Is it true that if you deconstruct Hegel's and Heidegger's metaphysical claims into units, they end up becoming absurd statements that don't hold any semblance of truth? I never could finish any of their books, because I found them to be so absurd and ridiculous and left me asking how they could even write such nonsense. Am I crazy to think so?

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    A lot of philosophy seems like that. I'm sure your question is too broad - it's not like everything they ever said is nonsense. Perhaps try again asking people to help make sense of a particular passage. – causative Mar 7 at 3:49
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    No. This is what logical positivists claimed about metaphysics generally, but the idea has since been discredited. It turned out that by the standards they used to declare metaphysics meaningless (not making predictions about possible experience) their own claim was meaningless as well, see SEP, Is Metaphysics Possible? – Conifold Mar 7 at 4:02
  • @Conifold Yes, metaphysics is not necessarily nonsense, but there is also a lot of philosophical nonsense. Certainly there are many pairs of philosophers each of whom would consider the other's main views nonsense. – causative Mar 7 at 4:07
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    @Conifold Maybe so. Anyway, there's no clear consensus. When two philosophers each say the other's views are nonsense, at least one of those views must truly be nonsense. – causative Mar 7 at 4:24
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    @causative Nah, most commonly they are just both flippant about it. – Conifold Mar 7 at 4:26

This is a borderline opinionated question which is quite broad and superficial, but I think it can be properly answered, so here we go.

At the bottom of it, you ask whether it was valid to discard a philosophy, that explicitly (and with good reason) does a methodological turn against formal/purely analytical philosophy, as nonsensical if it is analysed formally with the outcome that it was based on seemingly nonsensical atomic sentences, ie. sentences bereft of their context. Put that way, the answer is clear:

Yes, it is true that taken without context as single statements, many central statements in Heidegger and Hegel seem nonsensical! But it does not tell us anything about how (non)sensical this philosophy is.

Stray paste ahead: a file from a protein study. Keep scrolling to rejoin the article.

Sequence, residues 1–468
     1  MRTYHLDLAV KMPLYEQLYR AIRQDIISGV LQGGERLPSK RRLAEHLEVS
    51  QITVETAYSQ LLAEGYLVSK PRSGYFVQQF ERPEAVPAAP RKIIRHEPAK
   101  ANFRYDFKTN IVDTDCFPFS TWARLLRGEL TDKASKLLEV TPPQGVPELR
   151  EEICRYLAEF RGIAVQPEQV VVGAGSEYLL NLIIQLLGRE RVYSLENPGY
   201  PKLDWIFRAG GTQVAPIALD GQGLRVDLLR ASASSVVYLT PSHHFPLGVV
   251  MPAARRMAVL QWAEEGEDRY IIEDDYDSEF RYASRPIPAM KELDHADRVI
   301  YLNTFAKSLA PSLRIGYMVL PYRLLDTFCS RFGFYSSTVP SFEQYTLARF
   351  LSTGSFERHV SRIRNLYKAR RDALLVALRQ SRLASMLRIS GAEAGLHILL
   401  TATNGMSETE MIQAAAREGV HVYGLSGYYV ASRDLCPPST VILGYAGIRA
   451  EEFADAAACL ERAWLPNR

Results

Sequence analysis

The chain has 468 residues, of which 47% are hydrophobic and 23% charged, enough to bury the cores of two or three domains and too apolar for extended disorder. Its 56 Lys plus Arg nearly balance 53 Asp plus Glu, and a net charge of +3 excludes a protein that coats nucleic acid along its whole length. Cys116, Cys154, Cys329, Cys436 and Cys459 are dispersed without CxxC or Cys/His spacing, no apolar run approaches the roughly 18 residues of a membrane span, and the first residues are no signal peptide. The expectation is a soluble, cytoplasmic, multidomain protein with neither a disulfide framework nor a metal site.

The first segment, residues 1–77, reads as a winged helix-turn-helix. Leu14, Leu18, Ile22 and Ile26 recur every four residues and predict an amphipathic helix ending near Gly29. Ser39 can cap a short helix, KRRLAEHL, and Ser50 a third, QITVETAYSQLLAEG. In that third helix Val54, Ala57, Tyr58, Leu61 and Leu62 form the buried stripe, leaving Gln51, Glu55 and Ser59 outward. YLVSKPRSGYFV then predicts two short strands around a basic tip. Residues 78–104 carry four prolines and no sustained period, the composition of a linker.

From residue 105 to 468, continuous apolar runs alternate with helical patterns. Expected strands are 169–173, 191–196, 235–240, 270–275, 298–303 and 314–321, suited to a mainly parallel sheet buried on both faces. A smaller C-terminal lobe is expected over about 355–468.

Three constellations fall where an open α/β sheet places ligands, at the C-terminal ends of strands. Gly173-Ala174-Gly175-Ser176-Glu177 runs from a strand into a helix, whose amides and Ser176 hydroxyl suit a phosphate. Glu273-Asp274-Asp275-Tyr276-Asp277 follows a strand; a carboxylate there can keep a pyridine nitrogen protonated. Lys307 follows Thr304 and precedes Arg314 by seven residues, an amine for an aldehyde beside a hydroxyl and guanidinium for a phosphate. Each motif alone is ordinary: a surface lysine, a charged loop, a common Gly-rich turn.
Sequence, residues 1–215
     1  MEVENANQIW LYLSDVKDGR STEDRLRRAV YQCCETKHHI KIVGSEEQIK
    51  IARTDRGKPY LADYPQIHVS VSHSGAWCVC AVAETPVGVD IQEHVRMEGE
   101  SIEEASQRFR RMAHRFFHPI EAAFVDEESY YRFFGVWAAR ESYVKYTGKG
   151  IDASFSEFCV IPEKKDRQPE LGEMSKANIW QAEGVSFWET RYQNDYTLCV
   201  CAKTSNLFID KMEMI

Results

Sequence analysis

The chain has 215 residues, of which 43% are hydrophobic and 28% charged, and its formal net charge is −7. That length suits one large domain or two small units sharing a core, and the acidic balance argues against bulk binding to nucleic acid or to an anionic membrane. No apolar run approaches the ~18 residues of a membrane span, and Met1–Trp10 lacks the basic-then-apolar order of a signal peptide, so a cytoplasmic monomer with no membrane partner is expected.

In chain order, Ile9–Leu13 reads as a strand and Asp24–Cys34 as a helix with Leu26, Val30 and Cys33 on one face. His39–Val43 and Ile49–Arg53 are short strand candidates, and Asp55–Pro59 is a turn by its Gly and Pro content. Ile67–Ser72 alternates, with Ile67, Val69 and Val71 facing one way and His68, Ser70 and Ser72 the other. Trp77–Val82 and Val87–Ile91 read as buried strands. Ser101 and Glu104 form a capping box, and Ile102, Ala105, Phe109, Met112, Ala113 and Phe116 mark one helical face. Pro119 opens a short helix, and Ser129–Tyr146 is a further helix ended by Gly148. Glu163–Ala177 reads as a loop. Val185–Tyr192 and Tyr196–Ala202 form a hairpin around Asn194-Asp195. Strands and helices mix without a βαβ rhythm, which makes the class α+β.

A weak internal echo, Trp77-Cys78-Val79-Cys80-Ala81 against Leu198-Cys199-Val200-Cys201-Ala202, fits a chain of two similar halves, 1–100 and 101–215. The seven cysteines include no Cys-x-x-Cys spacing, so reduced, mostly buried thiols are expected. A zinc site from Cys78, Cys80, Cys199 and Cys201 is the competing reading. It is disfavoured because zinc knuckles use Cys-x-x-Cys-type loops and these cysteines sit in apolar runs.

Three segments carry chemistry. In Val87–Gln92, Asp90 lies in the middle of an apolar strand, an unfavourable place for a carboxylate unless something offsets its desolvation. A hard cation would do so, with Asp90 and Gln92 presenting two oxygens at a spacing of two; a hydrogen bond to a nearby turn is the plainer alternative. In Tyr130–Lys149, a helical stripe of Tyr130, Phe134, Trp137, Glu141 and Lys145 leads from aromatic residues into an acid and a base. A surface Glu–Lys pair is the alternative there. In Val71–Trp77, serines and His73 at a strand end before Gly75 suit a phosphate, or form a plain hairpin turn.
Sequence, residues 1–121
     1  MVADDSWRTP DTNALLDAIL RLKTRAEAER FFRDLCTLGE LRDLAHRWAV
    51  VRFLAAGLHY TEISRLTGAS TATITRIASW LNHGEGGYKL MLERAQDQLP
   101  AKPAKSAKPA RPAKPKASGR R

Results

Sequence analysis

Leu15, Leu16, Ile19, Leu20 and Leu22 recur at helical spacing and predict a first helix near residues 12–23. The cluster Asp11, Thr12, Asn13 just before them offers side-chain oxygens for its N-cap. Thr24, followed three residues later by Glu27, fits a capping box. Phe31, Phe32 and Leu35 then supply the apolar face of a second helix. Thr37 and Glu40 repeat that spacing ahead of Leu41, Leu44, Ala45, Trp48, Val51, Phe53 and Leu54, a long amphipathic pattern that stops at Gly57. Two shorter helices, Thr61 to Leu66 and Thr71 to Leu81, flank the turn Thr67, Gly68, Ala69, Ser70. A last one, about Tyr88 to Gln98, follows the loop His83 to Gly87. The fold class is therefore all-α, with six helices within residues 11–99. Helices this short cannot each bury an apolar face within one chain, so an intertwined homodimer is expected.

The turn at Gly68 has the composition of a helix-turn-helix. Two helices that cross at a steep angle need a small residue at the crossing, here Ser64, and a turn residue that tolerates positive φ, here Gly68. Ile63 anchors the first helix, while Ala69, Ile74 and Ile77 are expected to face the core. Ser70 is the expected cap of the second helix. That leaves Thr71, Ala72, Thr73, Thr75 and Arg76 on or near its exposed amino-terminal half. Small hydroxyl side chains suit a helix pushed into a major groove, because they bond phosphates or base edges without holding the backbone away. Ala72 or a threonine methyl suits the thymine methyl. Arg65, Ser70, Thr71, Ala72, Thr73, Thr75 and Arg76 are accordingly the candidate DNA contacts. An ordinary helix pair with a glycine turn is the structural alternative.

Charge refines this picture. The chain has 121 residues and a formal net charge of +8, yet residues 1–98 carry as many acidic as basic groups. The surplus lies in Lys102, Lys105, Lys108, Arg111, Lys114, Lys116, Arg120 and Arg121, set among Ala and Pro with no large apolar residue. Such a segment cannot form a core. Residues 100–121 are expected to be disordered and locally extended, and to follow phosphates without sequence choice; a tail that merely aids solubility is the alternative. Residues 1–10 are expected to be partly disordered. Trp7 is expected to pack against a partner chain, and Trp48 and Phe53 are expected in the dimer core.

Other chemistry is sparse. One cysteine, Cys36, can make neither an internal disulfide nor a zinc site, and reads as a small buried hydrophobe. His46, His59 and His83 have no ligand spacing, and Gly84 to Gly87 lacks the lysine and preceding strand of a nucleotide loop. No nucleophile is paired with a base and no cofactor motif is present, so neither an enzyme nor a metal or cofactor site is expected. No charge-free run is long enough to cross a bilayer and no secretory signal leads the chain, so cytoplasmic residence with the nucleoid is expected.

That is because this approach violates one of the main principles of philosophical discourse: read your opponent's position charitably and as strong as possible. If you champion the positivist philosophy of atomic statements as the foundations of truth (which can be turned against itself to be shown to be nonsensical according to its own standards), this kind of philosophy is challenging the methodological and theoretical basis of your position.

BUT no matter how analytically inclined you are, discarding two of the most famous philosophers of the last some 200 years as writing nonsense probably means nothing more than that you do not understand them and, therefore, cannot do them justice.

Purely analytical method applied to texts that methodologically turn against analytical philosophy means that one is biased and not willing to engage this kind of philosophy in the first place.

In your case, if you are really willing to gain some access to the texts, I would suggest you do not read them without a university level module or at the very least comments and companions (secondary literature) to help you with it.

They do not explain their method or prove anything with it, they apply their method to demonstrate over the course of a whole book that anything else must lead to biased/onesided outcomes. Hegel's philosophy and to some extent Heidegger's as well is not so much about single sentences that are true, but about applying a particular philosophical method on a given entity. It is not analysing what, of all that is said about it, would be correct to say. It tries to apply a method to express the being (ontic, not ontological) of the subject matter itself (and not assess given statements about the subject matter), ie. they try to circumscribe the way in which something developes itself through time and how this can appear and why it does the way it does. That is why the thought unfolds over the course of whole books and cannot be meaningfully confined to single sentences.

That does not mean that their method was superior. But before you are to judge the texts, you have to understand why the method is the way it is and how the application works first.


I don't think it's true that one can deconstruct anyone's honest metaphysical claims into atoms AND end up with absurd statements. From relativism's perspective, even there's a common truth, but its perceived reflection in everyone's mind is different due to possibly infinitely many factors such as environment, culture, experiences, etc, like there're no two exactly same leaves in the perceived world. So your understanding of anyone's claim always differs from the original author to some degrees, which is also consistent with philosophical qualia conception. So to exactly reduce one's claims to "atoms" by a foundationalist's ambition like yours is extremely hard in practice, impossible in theory. Besides Wittgenstein, historically many people tried to do similar but without much success such as Leibniz's universal characteristics project leveraging some Chinese-like symbols to represent human's atomic ideas. Of course, as technologies advance, there'll be always some projects to pursue such "mind reading and predicting" ambition even approximately in application...

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